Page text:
By Mike Strasser, West Point Public AffairsOctober 31, 2011
WEST POINT, N.Y., Oct. 31, 2011 -- Lady Liberty came to America 125 years ago and millions followed in search of the freedom she came to represent. The West Point Band and Cadet Glee Club helped celebrate the anniversary of the Statue of Liberty dedication on Oct. 28, joining hundreds of invited guests in the festivities.
Lt. Col. Jim Keene, the band commander, had never been to Liberty Island before and seeing the Statue of Liberty up close was nothing short of awe-inspiring. He said it was an honor to be invited to produce the music that set the tone and scope for the day's ceremony.
"With just a few carefully selected American and French marches, we achieved our objective: to put not only the impressive engineering feat responsible for Lady Liberty's existence, but more importantly, the deeper meaning of what she stands for," Keene said. "Once the Cadet Glee Club sang "The Battle Hymn of the Republic," and the 21-member contingent from the West Point Band finished "My Country 'Tis of Thee" and the great French anthem "Les Marseillaise," I knew we had accomplished what we came to do."
West Point Class of 2012 Cadet Kelley Duke described it as a once-in-a-lifetime experience.
"Performing 'God Bless America' in uniform with the West Point Band in the shadow of such an iconic American symbol was really special," she said.
The Glee Club departed the academy early enough to enjoy the city sites prior to their performance. Though Duke was able to visit the Statue of Liberty her freshman year, it was a new experience for many of her fellow cadets.
"We arrived at Battery Park earlier than we had anticipated and since there are few places for buses to idle in the city, we ended up driving around for about 45 minutes and got to watch the sun rise over the city," Duke said. "We also had a lot of fun taking the ferry over to Liberty Island itself; many people had never been to the Statue of Liberty before, so getting to go on such a nice day was a treat."
Duke, a four-year member of the Glee Club, has enjoyed performing alongside her younger sister Adrienne, who joined the Class of 2015 in June.
"I have loved going to rehearsals together as well as performing side-by-side," Duke said about her younger sister. "We look a lot alike so people always want to know if we're twins, and if so, how one could be a firstie while one is a plebe."
Among the day's highlights, 125 recent immigrants from 46 countries swore the oath of American citizenship. Following the performances by the West Point Band and Cadet Glee Club, actress Sigourney Weaver recited the poem, "The New Colossus" written by Emma Lazarus.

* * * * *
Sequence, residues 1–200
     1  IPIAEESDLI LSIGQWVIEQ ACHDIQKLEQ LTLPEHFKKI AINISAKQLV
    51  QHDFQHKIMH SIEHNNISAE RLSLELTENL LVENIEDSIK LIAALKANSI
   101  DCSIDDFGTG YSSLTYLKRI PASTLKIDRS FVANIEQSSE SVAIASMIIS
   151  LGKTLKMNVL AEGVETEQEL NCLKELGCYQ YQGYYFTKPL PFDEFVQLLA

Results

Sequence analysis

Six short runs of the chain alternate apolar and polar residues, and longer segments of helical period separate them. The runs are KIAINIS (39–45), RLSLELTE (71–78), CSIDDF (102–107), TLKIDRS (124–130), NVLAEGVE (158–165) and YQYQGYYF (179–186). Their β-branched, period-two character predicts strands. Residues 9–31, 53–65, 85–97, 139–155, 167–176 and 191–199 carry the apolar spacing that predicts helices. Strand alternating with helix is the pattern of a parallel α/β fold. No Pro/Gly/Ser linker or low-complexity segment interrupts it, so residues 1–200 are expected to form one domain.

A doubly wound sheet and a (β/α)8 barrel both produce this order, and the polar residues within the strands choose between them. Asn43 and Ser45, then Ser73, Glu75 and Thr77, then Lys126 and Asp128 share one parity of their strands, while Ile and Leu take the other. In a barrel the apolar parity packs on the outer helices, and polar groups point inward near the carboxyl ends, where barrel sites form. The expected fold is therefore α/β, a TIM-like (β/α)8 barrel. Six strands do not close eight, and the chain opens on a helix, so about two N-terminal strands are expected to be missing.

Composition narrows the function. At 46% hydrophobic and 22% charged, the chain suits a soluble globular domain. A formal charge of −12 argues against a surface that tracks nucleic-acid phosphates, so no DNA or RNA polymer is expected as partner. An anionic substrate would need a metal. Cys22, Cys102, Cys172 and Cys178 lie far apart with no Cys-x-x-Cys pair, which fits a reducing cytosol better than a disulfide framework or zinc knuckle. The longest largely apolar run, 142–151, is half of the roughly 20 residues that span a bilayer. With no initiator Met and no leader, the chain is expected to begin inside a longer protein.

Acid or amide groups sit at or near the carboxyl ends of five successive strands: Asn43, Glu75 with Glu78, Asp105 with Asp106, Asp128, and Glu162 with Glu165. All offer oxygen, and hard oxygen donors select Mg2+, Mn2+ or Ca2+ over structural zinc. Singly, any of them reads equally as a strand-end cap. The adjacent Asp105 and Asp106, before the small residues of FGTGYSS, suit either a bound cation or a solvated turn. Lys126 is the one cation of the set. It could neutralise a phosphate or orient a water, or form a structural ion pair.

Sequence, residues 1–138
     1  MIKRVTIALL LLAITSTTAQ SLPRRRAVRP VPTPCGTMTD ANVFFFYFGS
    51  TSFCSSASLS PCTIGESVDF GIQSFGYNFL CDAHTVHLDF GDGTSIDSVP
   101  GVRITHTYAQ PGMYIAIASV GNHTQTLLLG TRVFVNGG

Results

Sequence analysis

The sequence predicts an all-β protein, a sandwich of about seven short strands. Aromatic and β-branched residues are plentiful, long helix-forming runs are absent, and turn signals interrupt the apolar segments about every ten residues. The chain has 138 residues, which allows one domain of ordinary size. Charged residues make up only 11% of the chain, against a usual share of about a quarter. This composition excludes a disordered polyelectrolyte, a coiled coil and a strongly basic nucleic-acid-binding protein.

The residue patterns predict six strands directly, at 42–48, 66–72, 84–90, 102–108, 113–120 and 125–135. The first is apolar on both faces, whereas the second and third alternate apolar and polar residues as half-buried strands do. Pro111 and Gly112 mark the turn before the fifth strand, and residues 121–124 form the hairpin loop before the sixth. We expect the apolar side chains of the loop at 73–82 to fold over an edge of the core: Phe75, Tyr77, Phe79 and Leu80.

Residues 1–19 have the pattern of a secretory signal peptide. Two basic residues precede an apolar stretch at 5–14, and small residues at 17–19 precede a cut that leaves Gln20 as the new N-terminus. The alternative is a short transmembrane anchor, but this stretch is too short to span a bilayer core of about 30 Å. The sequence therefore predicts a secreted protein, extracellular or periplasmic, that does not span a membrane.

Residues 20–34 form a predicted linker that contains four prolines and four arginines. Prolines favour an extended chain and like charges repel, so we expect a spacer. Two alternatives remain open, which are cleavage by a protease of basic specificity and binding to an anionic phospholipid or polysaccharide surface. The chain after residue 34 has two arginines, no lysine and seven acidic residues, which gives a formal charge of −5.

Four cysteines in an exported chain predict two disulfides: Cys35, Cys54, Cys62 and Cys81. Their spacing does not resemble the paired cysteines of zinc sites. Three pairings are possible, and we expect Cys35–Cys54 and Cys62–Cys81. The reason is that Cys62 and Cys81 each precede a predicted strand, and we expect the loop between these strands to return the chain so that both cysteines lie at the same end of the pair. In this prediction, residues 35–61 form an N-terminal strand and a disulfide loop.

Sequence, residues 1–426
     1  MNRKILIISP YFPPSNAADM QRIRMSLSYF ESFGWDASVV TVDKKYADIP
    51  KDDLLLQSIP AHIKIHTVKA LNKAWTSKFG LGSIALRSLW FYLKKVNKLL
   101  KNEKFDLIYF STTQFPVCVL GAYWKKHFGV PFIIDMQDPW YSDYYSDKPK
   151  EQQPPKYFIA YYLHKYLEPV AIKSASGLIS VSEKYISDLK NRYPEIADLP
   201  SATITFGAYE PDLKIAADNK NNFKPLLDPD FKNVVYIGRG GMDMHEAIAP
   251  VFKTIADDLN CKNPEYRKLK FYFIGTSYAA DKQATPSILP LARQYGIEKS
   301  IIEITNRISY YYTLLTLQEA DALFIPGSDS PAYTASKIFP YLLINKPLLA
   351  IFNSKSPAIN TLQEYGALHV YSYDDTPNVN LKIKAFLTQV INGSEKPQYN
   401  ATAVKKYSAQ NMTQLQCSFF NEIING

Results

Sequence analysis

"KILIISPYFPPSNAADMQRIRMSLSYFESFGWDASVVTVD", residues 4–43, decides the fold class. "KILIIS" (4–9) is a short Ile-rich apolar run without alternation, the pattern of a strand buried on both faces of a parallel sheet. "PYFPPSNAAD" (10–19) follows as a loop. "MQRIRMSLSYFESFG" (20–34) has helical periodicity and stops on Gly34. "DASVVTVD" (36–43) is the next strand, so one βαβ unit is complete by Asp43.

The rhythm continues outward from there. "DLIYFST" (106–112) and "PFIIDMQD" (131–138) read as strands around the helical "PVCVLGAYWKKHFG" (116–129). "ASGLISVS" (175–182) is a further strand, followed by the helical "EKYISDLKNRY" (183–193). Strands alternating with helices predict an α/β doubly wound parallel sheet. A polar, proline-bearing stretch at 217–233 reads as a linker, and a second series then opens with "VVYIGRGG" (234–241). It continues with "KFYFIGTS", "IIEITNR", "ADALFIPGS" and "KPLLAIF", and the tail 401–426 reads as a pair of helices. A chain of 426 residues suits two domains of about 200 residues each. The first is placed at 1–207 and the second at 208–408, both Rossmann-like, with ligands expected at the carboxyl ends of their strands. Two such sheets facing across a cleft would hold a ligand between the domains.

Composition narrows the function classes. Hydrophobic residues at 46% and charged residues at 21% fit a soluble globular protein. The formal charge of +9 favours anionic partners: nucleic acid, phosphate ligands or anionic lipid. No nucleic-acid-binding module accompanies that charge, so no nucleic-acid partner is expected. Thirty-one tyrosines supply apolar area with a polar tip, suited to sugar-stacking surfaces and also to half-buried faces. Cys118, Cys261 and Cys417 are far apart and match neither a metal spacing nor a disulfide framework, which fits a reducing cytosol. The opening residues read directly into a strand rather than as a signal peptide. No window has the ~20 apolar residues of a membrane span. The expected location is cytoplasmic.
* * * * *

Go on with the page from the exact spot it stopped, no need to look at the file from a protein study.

Later, webcams perched on the statue's torch captured the countdown as its lights switched on and the celebration capped off with a fireworks display. Although the Statue of Liberty is currently closed to visitors during a yearlong improvement project, Liberty Island will remain open.
"It is a hardened person who does not feel something deep and stirring when seeing the statue," Keene said. "I would recommend that every American should make a point to visit her. In my case, visiting her has improved my outlook on the country's future. She never tires of holding the lamp of freedom and neither will I."
The Glee Club is preparing for their next big performance during the halftime show at the Army-Rutgers football game at Yankee Stadium Nov. 12. They will perform with the Rutgers Glee Club. The West Point Band will invite the community to a Veterans Day concert at Eisenhower Hall. Last year, they performed to an audience of more than 2,000 and expect the same, if not more, this time.
"We have produced an event that is exactly what the West Point Band can do beyond any other band in the Land: provide first-hand history through music that traces its ancestry straight down the line from colonial times," Keene said. "The concert will educate, train, and inspire; three tenets used by the superintendent to describe the mission of the United States Military Academy related to the training of cadets."
Keene said there is no greater purpose than to honor those who have served by telling their story through song.
"My favorite part of any Veterans Day performance is the playing of the service songs of each of the five services," Keene said. "Seeing those who stand during their service songs is always something I find to be inspirational. I have seen men rise from the confines of their wheelchairs to stand during their respective service song. I always remember what a WWII veteran asked me, 'Do you know why I come to these concerts? I come to feel and to remember. I come to laugh and cry and cheer, and to travel back in time and remember the best of me and how we are all united down deep. We forget, so we need to come to your concerts.'"